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Home / News / Church & Ministry / School drops Operation Christmas Child after threats from atheist group
Operation Christmas Child
Kids in a third-world country excitedly get their Christmas boxes.

School drops Operation Christmas Child after threats from atheist group

It’s always a sign that the Christmas season is approaching when atheists attack Samaritan’s Purse. The Freedom From Religion Foundation has stopped a school from participating in Operation Christmas Child.

A “concerned district community member” reached out to complain that North Short Elementary School, a public school in the Galena Park, Texas Independent School District, recently took part in the fundraiser. The foundation responded by sending a letter to the district cautioning against future participation in the initiative — a warning that reportedly was quite effective.

READ: Still time to get your shoeboxes filled and turned in

“FFRF’s letter worked well as a constitutional alert,” the district said in a statement. “The state/church watchdog has been assured, in a communication from the school system, that the district had been unaware of the school’s participation in the evangelical fundraising and that this will no longer take place.”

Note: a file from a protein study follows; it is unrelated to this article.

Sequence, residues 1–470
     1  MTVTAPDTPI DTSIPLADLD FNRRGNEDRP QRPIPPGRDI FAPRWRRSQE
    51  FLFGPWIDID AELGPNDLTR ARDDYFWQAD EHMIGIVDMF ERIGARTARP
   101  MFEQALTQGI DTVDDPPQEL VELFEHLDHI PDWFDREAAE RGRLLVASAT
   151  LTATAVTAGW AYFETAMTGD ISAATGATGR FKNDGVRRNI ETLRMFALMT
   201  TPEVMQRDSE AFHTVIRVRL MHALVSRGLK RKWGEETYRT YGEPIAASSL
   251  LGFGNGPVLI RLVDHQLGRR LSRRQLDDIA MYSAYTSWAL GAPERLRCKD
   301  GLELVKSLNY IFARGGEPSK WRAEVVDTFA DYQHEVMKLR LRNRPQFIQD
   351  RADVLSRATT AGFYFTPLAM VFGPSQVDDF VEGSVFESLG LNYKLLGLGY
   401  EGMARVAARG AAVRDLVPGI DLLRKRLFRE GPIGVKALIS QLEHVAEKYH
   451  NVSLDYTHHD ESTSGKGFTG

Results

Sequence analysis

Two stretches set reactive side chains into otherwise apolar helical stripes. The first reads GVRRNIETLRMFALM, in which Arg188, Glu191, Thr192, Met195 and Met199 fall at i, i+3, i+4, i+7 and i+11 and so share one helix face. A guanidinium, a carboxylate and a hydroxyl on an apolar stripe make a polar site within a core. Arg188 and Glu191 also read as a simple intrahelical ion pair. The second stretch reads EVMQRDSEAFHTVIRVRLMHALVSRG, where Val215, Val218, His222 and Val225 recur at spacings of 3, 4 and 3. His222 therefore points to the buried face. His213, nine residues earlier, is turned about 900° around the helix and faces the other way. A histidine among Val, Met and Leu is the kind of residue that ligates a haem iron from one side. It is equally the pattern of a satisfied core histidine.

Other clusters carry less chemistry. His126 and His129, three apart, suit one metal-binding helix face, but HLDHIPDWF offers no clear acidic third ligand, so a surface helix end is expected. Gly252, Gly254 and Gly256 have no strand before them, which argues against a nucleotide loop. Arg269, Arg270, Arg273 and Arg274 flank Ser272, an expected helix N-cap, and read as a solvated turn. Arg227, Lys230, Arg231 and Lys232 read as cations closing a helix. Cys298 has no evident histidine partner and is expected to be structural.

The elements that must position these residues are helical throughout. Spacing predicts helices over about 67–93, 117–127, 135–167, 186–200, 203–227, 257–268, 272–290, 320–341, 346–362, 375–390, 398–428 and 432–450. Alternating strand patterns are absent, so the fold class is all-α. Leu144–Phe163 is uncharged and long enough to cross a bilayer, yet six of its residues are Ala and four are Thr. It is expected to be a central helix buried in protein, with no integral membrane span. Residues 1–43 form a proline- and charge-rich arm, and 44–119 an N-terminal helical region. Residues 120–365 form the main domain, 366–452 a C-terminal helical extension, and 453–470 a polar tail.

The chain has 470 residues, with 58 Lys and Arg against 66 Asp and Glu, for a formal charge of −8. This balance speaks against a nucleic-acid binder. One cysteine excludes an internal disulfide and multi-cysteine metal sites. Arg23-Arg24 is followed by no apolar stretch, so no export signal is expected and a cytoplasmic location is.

Annie Laurie Gaylor, co-president of the foundation, applauded the district for purportedly halting participation in Operation Christmas Child. “Our tipoff had the desired effect,” she said. “We applaud the school district for being so responsive.”

The foundation said the district should work with charities that aren’t sectarian in nature and that are secular. The atheist activists also took aim at the Rev. Franklin Graham, president of Samaritan’s Purse, noting their disagreement with Graham on LGBTQ issues and the COVID-19 vaccine.

Operation Christmas Child’s mission is to “demonstrate God’s love in a tangible way to children in need around the world.” Each year, children, adults and families all over the United States come together to pack boxes that are delivered to young people in America and around the globe. Since 1993, more than 188 million kids in more than 170 nations have been reached with a shoebox filled with gifts and the gospel message.

–Alan Goforth | Metro Voice

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